Revocable living trusts serve as an important piece of many estate plans because they allow you so much flexibility in determining how you wish to transfer your assets after death. But what assets are we talking about? What should you transfer to your living trust? While your estate planning lawyer will give you specific steps you need to take and will advise you about the types of property you should transfer, here are some general categories that apply in most situations.
All of your tangible personal items, such as your furniture, jewelry, valuable artwork, collectibles, or family heirlooms, can be transferred to your revocable living trust. You may also want to consider transferring your personal automobiles or other vehicles, though some states have laws that allow you to transfer these vehicles outside of probate.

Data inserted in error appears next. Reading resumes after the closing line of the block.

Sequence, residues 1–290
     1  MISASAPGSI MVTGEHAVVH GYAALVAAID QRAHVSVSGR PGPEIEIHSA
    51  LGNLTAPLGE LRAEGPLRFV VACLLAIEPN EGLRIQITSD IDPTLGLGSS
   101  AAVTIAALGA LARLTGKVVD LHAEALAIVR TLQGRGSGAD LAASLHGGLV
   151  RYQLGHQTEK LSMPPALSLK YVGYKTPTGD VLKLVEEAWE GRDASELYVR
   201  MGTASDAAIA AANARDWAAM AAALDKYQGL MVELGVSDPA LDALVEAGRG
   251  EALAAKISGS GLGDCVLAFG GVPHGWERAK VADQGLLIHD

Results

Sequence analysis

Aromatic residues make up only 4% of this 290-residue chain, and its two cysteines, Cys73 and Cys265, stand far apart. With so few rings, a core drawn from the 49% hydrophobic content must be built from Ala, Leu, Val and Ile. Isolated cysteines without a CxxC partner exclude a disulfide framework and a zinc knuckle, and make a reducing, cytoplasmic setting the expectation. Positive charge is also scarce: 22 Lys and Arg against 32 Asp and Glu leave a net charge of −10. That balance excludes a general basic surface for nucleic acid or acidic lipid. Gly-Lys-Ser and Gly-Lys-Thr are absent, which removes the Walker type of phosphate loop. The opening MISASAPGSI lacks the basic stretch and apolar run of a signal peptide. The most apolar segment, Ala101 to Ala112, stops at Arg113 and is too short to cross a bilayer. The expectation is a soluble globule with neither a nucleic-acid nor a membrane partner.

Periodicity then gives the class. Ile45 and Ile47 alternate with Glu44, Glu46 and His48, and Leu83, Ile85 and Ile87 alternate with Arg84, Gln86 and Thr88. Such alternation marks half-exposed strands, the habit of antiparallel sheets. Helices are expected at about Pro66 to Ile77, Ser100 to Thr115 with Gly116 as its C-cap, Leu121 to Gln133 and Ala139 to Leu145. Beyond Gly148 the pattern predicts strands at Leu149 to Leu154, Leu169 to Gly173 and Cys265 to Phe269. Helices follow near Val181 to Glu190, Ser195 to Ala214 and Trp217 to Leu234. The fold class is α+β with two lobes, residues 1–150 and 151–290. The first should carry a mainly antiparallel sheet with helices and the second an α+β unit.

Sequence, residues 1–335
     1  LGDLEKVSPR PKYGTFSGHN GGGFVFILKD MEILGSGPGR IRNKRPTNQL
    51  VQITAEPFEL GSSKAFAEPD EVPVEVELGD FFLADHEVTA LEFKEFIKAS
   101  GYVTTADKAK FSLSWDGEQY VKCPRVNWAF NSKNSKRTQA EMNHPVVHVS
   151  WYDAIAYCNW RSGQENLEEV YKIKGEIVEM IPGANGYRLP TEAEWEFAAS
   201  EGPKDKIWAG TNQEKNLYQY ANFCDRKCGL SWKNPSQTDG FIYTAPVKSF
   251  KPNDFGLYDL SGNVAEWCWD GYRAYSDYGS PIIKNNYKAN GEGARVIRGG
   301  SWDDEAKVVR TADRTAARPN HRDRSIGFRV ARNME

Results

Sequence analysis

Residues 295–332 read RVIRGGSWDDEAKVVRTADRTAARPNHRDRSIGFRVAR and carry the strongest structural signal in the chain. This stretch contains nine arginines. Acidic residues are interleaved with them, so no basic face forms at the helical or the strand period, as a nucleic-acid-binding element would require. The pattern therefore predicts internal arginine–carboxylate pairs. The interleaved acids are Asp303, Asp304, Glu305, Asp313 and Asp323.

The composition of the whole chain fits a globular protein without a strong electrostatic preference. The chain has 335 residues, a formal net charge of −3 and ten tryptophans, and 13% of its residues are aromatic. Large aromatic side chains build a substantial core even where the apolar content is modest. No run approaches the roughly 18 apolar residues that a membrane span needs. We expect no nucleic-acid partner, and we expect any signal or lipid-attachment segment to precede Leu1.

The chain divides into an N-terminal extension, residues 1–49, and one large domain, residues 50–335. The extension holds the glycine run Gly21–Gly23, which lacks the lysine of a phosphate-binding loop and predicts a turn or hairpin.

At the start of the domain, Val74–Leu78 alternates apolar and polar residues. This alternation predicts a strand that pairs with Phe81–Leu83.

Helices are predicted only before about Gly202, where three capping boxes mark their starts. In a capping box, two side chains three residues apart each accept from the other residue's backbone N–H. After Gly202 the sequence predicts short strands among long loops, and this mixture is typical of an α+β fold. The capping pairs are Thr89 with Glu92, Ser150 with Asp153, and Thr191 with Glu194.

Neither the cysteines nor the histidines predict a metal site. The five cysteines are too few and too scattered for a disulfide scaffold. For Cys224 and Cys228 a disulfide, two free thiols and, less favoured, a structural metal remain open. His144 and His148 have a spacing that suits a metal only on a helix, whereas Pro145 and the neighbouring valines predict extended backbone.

If you have individually owned bank accounts that do not have a right of survivorship, you can transfer these to your revocable living trust as well. Money market accounts, checking accounts, and savings accounts are typically transferred to living trusts, but certificates of deposit are often excluded. You may have to pay early withdrawal penalties if transferring the CD. If that is the case, you will need to wait until the CD matures and then transfer the funds to the trust.
If others owe you a debt, such as unsecured personal loans, you can transfer these to the trust as well. You’ll need to ask your attorney how to do this and be sure that you have any appropriate documentation.